Para-educators meet needs of varied special-needs population


Gabriella Backus

Infographic by Gabriella Backus

Bailey Kirkeby, News Editor

When paraeducators were first introduced into classrooms in the 1950s, their sole purpose was to aid teachers by performing tasks such as setting up classroom materials and monitoring students. Today, paraeducators have evolved into a much larger role: providing assistance to students who require extra attention throughout the school day.

“We have several layers of support that can be provided for students who have special learning needs,” principal Hillary Harrell said. “We have one-on-one support, which is typically from paraeducators who are ‘assigned’ to support a particular student.”
According to Bear Creek Mild-Moderate special education teacher Ian Arlt, paraeducators’ tasks vary from helping students with visual processing or listening deficits take notes, giving on-task reminders to students with attention deficits and monitoring students with impulse issues.

Harrell said that Bear Creek has around 300 students on Individualized Educational Programs (IEPs) that are tailored to each student’s personal needs. There are a number of ways a student can qualify for one-on-one shadowing throughout the day, such as assessment results, data provided by teachers and, most commonly, IEP requests from the student’s parents.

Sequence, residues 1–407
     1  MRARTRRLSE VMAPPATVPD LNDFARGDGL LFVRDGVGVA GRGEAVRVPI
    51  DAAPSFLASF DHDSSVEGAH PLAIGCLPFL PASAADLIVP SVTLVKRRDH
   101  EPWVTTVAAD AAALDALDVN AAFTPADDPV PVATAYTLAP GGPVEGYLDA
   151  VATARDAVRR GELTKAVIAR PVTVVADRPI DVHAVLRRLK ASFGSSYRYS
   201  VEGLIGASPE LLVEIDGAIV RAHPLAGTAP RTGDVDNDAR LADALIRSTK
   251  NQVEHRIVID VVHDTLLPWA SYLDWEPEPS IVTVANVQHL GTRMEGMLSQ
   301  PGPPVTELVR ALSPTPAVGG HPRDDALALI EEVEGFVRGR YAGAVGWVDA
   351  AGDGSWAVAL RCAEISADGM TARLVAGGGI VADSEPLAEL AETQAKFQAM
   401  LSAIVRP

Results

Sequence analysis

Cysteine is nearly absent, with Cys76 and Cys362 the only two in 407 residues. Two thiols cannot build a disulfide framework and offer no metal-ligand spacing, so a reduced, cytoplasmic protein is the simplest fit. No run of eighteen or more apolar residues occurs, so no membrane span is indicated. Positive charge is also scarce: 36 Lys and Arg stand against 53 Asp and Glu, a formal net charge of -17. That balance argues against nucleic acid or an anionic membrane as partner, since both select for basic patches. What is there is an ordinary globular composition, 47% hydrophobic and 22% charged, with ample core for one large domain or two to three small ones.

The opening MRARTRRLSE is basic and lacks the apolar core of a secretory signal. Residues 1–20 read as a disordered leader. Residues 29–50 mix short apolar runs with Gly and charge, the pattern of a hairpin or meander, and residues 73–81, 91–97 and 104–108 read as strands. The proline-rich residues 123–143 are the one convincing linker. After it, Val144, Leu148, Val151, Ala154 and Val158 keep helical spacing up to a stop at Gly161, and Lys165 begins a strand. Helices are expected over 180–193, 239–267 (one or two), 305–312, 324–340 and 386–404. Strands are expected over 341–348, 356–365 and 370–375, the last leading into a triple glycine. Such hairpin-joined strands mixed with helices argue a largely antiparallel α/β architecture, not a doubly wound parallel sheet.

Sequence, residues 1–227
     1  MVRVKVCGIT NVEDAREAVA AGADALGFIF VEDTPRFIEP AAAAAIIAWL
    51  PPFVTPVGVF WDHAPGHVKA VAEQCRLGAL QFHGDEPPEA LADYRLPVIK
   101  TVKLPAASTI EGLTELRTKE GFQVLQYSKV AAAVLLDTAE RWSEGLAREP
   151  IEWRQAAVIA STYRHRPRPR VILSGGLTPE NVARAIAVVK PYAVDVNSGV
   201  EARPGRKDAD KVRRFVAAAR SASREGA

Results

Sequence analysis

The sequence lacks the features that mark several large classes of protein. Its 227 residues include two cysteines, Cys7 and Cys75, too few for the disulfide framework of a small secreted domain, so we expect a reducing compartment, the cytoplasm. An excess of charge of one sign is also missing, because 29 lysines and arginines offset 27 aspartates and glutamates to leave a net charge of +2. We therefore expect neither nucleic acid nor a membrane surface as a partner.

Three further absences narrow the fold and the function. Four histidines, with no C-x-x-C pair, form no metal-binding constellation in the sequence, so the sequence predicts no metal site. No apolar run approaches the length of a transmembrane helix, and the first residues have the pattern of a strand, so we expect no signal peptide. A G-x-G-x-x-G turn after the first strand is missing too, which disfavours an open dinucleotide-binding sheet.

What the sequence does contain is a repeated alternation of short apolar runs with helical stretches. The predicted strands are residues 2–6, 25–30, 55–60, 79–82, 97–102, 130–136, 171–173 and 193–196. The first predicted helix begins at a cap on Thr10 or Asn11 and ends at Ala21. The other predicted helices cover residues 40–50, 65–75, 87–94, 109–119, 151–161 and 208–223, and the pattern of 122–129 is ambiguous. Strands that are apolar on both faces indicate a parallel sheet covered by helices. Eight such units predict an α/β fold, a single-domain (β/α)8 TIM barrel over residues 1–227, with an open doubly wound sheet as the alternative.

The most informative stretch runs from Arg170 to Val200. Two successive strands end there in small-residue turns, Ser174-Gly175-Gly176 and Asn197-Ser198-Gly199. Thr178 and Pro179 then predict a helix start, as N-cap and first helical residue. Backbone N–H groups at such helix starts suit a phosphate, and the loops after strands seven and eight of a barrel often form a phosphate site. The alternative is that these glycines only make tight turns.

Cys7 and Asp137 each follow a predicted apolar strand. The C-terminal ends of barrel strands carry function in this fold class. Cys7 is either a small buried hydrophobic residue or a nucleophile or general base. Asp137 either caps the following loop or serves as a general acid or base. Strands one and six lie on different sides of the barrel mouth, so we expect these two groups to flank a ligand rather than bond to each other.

Although students on IEPs receive extra assistance, Harrell said that the Bear Creek administration works carefully to ensure that they are not giving students too much assistance.

“A lot of times, we try to start in the least restrictive environment,” Harrell said. “You want to make sure you don’t give kids too much help or too much assistance because that’s actually harmful.”

Bear Creek currently has 26 paraeducators — the most on a single campus in the Lodi Unified School District. According to Resource Specialist Program (RSP) special education teacher Janet Hughes, the school also has the most diverse classes for those with special needs with two severely handicapped classes, two intensive intervention classes, eight resource classes and three special day classes.
Although students on IEPs receive extra assistance, such as more time on tests and quizzes, the aid that they receive is important to grant them the same educational opportunities as other students.

“One thing that everyone needs to understand… is that equity is giving everyone what they need to be successful; equality is treating everyone the same,” Arlt said. “We are looking for equity, not necessarily equality. These students need these services to be able to be as successful as students in general education.”